Platelet-Rich Plasma (PRP) Therapy
Whole blood is composed of three primary constituents: Red Blood Cells (RBCs), White Blood Cells (WBCs), and Plasma. The function of the RBCs is to carry and transport oxygen (they are important for endurance athletes). WBCs fight infection. Diseases like leukemia, lymphoma, and HIV stem from problems with the WBC. Within the plasma are small cells called platelets. The platelets are best known for their importance in clotting blood. However, platelets also contain hundreds of proteins called growth factors which are critically important in the healing of injuries.
PRP is plasma with many more platelets than what is typically found in whole blood. By drawing whole blood and putting it through a centrifugation process, we are able to concentrate the platelets. The concentration of platelets — and, thereby, the concentration of growth factors — can be 5 to 10 times greater (or richer) than usual.
To develop a PRP preparation, blood must first be drawn from a patient (usually between 30 and 60cc of whole blood). The platelets are separated from the other blood cells and their concentration is increased during a process called centrifugation (ie. spinning the blood). The final PRP product is separated and injected back into the patient at the source of injury, ultimately augmenting the natural healing response of the body while expediting recovery.
What Conditions Are Treated With PRP? Is It Effective?
PRP has been studied extensively over the past few years. There are hundreds of studies published that review its effectiveness and compare it to previously used “gold standards” (ex. corticosteroids). PRP has been shown to be effective for these conditions and many others:
- Chronic Tendon Injuries (ex. Tennis Elbow, Golfer’s Elbow, Jumper’s Knee (Patella Tendinitis))
- Acute Tendon, Ligament, and Muscle Injuries (ex. Achilles Tendon Injuries)
- Osteoarthritis (Knee, Hip, Shoulder, etc)
- Rotator Cuff tears in the shoulder
- Bursitis (Hip, Knee, Shoulder)
Studies Supporting the use of PRP:
- Efficacy of Intra-articular Platelet-Rich Plasma Injections in Knee Osteoarthritis: A Systematic Review. Arthroscopy (2016).
- Platelet-rich plasma in the management of articular cartilage pathology: a systematic review. CJSM (2014).
- Hyaluronic Acid Versus Platelet-Rich Plasma: A Prospective, Double-Blind Randomized Controlled Trial Comparing Clinical Outcomes and Effects on Intra-articular Biology for the Treatment of Knee Osteoarthritis. AJSM (2017).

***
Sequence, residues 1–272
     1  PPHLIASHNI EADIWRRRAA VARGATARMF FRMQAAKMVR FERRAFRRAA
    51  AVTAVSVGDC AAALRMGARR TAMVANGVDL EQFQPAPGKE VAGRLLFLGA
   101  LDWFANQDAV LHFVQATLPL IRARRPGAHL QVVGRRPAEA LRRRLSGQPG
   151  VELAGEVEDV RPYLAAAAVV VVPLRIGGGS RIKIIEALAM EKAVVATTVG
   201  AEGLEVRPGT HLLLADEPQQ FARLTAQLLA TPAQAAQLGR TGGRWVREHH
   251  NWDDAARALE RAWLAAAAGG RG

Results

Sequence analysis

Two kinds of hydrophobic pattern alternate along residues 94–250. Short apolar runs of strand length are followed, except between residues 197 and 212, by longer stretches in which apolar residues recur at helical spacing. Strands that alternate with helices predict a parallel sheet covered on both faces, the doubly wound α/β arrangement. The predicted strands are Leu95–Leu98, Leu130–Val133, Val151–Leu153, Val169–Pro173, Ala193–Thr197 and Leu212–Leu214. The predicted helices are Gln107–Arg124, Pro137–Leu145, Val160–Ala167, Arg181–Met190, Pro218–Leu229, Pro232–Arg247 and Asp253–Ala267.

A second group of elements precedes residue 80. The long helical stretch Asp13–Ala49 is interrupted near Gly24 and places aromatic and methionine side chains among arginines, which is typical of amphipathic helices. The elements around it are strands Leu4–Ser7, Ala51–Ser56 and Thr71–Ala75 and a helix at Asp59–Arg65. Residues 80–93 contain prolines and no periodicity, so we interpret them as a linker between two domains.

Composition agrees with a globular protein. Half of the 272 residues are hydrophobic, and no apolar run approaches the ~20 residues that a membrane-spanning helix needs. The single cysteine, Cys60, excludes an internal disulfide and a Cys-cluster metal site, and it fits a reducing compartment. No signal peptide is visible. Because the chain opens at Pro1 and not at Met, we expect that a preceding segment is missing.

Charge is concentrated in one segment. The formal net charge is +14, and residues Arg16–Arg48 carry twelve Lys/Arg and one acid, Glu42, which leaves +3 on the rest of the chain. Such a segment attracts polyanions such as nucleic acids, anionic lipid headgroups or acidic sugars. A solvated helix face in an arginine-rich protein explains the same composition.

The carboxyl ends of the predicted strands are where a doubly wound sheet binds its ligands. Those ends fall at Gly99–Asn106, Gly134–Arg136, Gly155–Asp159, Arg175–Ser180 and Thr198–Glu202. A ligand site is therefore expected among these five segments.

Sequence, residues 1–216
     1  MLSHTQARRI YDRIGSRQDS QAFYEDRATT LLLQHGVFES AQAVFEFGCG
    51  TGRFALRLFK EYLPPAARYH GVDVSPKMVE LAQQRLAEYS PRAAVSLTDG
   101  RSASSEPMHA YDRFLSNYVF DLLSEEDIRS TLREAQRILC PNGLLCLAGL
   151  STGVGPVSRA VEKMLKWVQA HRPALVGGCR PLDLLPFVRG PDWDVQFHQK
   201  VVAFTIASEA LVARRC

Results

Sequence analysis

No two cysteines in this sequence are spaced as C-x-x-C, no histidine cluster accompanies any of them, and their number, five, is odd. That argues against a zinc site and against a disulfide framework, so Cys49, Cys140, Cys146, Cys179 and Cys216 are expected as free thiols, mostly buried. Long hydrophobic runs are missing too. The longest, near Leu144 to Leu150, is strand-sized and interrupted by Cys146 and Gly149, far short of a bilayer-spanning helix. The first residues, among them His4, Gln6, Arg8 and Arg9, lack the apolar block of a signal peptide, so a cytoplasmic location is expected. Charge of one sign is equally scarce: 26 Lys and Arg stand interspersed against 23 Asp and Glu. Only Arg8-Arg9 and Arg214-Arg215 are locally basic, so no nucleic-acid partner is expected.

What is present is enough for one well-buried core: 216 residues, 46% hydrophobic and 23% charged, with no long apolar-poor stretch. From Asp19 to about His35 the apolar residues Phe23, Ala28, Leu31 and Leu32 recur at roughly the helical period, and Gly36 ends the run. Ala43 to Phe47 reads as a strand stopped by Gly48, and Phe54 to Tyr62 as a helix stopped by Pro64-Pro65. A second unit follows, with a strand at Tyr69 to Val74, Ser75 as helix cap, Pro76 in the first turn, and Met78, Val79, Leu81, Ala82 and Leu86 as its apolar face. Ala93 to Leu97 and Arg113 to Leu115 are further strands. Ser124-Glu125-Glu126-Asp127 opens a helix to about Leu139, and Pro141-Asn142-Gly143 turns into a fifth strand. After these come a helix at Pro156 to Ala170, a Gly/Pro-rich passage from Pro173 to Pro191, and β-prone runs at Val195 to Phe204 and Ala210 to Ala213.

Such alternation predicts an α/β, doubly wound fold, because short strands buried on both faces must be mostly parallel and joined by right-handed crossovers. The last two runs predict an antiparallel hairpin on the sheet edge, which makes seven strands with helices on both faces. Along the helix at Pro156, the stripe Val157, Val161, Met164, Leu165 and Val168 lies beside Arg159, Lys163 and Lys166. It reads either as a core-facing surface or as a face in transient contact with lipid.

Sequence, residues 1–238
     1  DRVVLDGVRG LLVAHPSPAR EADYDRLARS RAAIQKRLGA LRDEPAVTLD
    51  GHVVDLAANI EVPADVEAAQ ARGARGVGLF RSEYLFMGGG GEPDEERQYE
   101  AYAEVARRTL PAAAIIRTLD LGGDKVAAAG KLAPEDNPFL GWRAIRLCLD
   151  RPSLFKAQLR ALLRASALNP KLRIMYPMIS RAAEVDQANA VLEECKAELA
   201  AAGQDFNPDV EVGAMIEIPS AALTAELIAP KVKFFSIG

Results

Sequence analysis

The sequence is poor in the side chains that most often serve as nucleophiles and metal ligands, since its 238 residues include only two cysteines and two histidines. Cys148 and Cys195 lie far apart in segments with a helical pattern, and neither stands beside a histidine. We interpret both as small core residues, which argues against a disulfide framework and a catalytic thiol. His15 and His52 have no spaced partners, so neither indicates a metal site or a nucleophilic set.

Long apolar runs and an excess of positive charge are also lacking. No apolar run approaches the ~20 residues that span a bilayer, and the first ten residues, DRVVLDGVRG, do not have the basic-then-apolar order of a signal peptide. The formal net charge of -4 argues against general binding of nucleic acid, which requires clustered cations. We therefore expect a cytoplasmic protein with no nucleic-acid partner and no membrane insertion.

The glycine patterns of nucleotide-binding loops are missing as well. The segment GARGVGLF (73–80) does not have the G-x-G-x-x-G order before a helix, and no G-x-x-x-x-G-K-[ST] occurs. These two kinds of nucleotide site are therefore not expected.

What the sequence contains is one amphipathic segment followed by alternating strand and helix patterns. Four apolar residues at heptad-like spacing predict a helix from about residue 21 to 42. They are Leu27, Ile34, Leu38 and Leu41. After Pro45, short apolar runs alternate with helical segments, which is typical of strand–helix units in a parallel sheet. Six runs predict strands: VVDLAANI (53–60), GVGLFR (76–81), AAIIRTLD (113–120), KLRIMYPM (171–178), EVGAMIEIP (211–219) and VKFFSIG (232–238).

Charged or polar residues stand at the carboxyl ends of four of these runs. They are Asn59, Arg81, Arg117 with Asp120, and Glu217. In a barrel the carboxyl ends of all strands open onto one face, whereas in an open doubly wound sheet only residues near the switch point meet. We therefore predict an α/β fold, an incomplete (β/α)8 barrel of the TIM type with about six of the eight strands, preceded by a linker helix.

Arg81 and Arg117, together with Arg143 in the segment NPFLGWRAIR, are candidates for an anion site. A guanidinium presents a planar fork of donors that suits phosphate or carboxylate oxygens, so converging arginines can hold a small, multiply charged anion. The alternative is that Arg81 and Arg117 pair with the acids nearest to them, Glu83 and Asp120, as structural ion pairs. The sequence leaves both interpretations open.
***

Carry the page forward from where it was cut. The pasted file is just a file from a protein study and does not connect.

- Ultrasound-Guided Injection of Platelet-Rich Plasma and Hyaluronic Acid, Separately and in Combination, for Hip Osteoarthritis: A Randomized Controlled Study. AJSM (2016).
- Short-term outcomes of platelet-rich plasma injection for treatment of osteoarthritis of the knee. KSSTA (2016).
- Efficacy of Platelet-Rich Plasma in the Treatment of Knee Osteoarthritis: A Meta-analysis of Randomized Controlled Trials. Arthroscopy (2017).
- The temporal effect of platelet-rich plasma on pain and physical function in the treatment of kneeosteoarthritis: systematic review and meta-analysis of randomized controlled trials. J Orthop Surg Res (2017).
- Hyaluronic Acid Versus Platelet-Rich Plasma: A Prospective, Double-Blind Randomized Controlled Trial Comparing Clinical Outcomes and Effects on Intra-articular Biology for theTreatment of Knee Osteoarthritis. AJSM (2017).
- Does Intra-articular Platelet-Rich Plasma Injection Provide Clinically Superior Outcomes Compared With Other Therapies in the Treatment of Knee Osteoarthritis? A Systematic Review of Overlapping Meta-analyses. Arthroscopy (2015).
- Safety and Efficacy of Intra-articular Injection of Platelet-Rich Plasma in Patients With AnkleOsteoarthritis. Foot Ankle Int (2017).
Tendinopathy and Tendonitis of the Elbow:
- Platelet-rich plasma versus corticosteroid injection for recalcitrant lateral epicondylitis: clinical and ultrasonographic evaluation. J Orthop Surg (2015).
- Efficacy of platelet-rich plasma for chronic tennis elbow: a double-blind, prospective, multicenter, randomized controlled trial of 230 patients. AJSM (2014).
- Platelet-rich plasma versus autologous blood versus steroid injection in lateral epicondylitis: systematic review and network meta-analysis. J Orthop Traumatol (2016).
- Single injection of platelet-rich plasma (PRP) for the treatment of refractory distal biceps tendonitis: long-term results of a prospective multicenter cohort study. KSSTA (2016).
- Ultrasound-guided platelet-rich plasma injection for distal biceps tendinopathy. Shoulder and Elbow (2015).
- Growth factor-based therapies provide additional benefit beyond physical therapy in resistant elbow tendinopathy: a prospective, single-blind, randomised trial of autologous blood injections versus platelet-rich plasma injections. Br J Sports Med (2011).
Hip Conditions: Tendinopathy and Bursitis